When great managements meet great products, we will see growth, profitability, healthy balance sheets, and a bright future.

Unfortunately, not many companies with great products start out with great managements. Therefore, external interventions to the management/board can be a signal for turnarounds. We need to figure out the new captain’s track record and patiently observe their actions post-takeover to determine whether we can potentially entrust our money to them. Alignment with shareholders can be seen through their holdings and incentive structure—this is a relatively simple work for investors to do their due diligence as related information are readily available online.

Competent leaders don’t get comfortable with the status quo. They are risk-takers.

Consider the case of BioSyent (BIOYF). In late 1990s, the company was named Hedley Technologies with one core product, Protect-It, a pesticide. We can already see the quality DNA of the firm through the exponential sales growth. People loved Protect-It. The product sold well worldwide. In 1997, the sales were up four-fold!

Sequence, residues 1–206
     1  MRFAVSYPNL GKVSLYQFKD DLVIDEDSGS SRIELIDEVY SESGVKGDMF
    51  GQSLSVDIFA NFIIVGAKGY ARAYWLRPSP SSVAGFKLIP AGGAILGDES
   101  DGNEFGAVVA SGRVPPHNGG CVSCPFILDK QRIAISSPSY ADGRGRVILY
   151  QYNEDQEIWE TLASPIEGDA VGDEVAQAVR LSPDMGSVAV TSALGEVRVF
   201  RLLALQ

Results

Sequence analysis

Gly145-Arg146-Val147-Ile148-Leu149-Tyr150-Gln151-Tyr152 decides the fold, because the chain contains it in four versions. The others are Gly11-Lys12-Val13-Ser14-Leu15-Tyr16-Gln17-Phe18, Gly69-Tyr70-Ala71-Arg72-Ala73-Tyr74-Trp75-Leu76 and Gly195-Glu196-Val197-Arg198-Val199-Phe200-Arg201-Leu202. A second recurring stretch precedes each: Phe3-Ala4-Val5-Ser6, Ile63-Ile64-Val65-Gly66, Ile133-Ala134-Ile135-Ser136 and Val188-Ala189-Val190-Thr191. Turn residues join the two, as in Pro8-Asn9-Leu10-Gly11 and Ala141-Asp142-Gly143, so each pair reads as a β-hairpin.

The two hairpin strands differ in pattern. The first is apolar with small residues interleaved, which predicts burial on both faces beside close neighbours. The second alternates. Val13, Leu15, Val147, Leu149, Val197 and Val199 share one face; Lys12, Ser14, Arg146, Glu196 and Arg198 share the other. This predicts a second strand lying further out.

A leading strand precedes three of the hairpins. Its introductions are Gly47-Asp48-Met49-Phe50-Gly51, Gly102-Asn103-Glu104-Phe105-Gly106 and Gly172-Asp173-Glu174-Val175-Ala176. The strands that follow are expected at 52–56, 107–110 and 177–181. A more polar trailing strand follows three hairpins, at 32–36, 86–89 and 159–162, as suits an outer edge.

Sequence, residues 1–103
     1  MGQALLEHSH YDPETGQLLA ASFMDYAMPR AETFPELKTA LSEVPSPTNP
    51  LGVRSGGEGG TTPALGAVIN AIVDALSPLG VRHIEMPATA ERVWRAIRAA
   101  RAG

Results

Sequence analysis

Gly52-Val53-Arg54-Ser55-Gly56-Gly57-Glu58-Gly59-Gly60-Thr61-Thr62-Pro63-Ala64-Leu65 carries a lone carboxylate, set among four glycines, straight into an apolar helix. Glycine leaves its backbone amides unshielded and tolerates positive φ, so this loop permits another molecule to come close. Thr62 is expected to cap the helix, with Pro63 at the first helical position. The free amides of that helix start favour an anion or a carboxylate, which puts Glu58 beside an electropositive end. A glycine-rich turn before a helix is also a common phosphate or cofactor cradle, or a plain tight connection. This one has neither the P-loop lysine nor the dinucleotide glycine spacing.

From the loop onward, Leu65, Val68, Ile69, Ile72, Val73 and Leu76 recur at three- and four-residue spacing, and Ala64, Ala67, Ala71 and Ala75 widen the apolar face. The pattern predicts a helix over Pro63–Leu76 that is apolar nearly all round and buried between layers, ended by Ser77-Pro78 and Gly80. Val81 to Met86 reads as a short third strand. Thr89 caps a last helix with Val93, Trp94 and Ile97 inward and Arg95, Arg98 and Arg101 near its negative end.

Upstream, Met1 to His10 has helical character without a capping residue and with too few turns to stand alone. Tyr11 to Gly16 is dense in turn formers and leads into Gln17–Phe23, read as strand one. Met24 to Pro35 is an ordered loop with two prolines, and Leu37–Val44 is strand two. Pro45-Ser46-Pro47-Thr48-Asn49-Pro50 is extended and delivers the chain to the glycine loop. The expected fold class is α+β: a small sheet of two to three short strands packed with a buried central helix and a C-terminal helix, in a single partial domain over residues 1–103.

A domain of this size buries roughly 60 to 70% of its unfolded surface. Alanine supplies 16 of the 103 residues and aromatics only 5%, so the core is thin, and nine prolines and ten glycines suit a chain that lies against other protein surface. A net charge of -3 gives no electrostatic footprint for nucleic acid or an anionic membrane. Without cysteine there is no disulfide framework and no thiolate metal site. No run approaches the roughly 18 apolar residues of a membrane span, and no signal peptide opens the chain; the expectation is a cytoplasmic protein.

Clearly, Protect-It became a cash cow for the company. The management, however, became comfortable with it. Until 2003, no strategic progresses were made. Most of the cash still came from Protect-It. The old management team was paying themselves handsomely year after year even though the sales keeps declining since 1999.

In 2004, the old team resigned, possible under the pressure of shareholders. Rene Goehrum took the throne, and he saw the problem. The pesticide business was too cyclical with many uncontrollable yet impactful variables like weather. Rene had extensive and successful entrepreneurial experience along with careers at blue-chip companies like Kraft Foods and Proctor & Gamble. As previously a COO of the firm, he’s seen the day-to-days of the business. And he saw where to pivot the company.

Rene decided to make an inroad to the pharmaceutical industry in Canada. This was a bold decision. Sure, the pesticide business was cyclical, but Protect-It still dominated the market. If not careful, the decision would undermine the success the company took decades to build. Rene understood the risk he’s taking. So, his strategy was to source proven drugs with good potential and acquire or in-license those drugs from pharma companies. He wanted to leverage his and the company’s experience in sales, distributions, and regulatory clearance processes to commercialize those acquired drugs by getting them through the government approvals, which can be lengthy and costly for inexperienced or small drug makers.